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Toronto Airport’s Inunnguat Are Sending the Wrong Message

The three figures you see here are on display at Toronto Pearson International Airport. They are examples of inuksuit, stacked stone markers that are a traditional part of the Inuit culture. When one represents a human figure, it's called inunnguaq. The shape of each inuksuk has a specific meaning, and were often used to give information to travelers. These inunnguaq were commissioned for the Toronto airport to welcome travelers to Canada with native art.   

As the CBC reports, the federal government commissioned these particular artworks back in 1963, from an Inuk artist named Kiakshuk. Save for a brief stint in storage, they’ve been standing near Terminal One since then, in these same positions. The concern about them is new, and was spurred when CBC Nunavut posted photos of the statues on Facebook, prompting a near-immediate response from Inuk readers. (“That kind of inukkuk/inuksuk signifies a bad [omen], a place of horrible death,” one, Jessie Kaludjak, wrote.)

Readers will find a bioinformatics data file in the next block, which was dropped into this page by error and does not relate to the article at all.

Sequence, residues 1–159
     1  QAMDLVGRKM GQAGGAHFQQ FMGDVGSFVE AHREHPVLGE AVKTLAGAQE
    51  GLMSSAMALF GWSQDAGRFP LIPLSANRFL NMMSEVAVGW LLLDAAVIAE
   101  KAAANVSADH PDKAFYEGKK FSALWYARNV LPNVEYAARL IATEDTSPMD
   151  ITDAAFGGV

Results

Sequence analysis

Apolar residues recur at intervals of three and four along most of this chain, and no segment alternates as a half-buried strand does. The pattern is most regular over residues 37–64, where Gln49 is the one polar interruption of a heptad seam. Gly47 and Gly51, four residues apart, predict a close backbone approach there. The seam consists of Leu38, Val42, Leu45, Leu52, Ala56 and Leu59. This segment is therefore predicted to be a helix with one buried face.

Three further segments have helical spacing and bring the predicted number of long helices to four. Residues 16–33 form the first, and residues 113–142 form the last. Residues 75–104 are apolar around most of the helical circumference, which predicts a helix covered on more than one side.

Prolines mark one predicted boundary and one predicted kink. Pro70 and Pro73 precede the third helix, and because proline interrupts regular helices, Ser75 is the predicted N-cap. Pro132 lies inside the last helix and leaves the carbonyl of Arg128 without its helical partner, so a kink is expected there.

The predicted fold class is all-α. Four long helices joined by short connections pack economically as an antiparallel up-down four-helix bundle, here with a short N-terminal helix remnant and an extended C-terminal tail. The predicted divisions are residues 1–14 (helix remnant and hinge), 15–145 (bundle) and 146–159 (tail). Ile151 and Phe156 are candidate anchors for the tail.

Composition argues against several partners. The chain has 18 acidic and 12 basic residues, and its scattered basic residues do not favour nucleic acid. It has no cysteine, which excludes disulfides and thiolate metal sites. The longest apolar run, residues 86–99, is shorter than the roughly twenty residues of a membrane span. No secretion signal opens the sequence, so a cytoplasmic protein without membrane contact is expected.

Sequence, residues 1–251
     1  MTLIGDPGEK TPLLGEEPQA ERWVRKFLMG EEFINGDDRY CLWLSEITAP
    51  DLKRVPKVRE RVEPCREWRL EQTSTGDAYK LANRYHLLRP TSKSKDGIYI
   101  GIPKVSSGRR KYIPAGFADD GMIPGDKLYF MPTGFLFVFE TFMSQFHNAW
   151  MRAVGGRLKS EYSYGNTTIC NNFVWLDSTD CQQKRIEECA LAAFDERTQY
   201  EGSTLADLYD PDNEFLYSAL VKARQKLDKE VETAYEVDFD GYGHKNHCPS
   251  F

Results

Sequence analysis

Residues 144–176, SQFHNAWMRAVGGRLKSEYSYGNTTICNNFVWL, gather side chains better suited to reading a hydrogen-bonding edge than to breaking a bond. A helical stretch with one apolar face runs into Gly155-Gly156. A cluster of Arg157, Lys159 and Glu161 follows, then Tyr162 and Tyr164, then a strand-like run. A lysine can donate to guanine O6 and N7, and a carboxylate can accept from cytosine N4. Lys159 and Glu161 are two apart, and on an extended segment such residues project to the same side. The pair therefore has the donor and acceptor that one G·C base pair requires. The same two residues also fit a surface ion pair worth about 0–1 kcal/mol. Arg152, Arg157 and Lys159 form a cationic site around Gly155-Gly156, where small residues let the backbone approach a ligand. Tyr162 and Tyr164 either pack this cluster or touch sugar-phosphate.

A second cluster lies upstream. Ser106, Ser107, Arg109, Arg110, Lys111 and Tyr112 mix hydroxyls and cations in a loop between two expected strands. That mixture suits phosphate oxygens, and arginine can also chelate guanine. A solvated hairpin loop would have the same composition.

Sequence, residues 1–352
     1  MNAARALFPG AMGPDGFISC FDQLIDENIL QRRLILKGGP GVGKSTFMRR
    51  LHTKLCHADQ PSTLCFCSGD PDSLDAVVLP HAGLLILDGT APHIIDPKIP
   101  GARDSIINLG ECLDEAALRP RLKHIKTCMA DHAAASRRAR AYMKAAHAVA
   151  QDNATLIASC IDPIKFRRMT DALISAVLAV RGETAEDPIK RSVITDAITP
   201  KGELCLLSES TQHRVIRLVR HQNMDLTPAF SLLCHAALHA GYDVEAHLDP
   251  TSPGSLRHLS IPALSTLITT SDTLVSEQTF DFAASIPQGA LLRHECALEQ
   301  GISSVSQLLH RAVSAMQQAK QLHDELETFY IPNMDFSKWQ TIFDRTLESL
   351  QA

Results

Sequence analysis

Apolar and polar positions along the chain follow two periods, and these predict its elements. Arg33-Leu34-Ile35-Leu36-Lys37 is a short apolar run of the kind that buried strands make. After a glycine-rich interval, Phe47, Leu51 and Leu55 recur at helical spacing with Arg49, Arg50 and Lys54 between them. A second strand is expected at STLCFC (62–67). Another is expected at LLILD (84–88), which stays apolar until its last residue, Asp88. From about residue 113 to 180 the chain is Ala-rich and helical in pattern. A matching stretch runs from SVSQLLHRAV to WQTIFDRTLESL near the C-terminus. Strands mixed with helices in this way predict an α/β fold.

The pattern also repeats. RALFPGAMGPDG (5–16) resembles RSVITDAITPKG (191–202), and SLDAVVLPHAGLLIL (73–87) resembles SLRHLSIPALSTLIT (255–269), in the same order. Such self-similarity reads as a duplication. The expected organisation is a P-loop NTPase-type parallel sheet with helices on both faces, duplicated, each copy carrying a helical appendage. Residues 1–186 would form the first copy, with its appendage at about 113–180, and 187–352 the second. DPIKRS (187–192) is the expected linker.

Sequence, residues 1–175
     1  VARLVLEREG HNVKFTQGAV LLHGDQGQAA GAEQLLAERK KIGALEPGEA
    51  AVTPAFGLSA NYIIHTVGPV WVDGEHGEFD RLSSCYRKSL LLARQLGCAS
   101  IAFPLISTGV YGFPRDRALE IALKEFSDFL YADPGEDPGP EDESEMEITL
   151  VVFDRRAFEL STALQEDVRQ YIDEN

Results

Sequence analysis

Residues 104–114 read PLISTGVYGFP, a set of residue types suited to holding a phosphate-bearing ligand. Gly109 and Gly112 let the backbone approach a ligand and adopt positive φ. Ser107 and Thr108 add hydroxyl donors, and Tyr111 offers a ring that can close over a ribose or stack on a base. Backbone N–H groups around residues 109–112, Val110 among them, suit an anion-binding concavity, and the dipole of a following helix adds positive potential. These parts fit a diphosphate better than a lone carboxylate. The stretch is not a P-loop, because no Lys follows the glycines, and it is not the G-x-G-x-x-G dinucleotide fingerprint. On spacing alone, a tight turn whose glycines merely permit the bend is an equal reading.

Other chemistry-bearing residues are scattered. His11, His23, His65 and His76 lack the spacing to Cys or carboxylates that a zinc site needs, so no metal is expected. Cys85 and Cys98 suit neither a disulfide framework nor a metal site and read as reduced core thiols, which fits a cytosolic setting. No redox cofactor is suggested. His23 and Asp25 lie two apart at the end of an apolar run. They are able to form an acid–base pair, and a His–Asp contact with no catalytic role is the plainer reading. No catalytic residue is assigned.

That's the last thing you want to signal at an airport! How did it happen? Atlas Obscura has updates on the story with an explanation. It's cautionary tale that reminds us how easy it can be to misinterpret traditions from cultures we don't know enough about. In another example, the article has many links to the CBC. In an early CBC report, the works are called inukshuks, while a later story uses inuksuit, the proper plural of the Inuit word inuksuk.    

(Image credit: George Socka)

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"Kiakshuk, chose and shaped the stones to make one giant inunnguaq, and numbered them to aid in its reconstruction. Somehow, after it was shipped to the airport and rebuilt, it became three smaller ones instead, with raised arms."

You can tell PR spin when the explanation contains "somehow."
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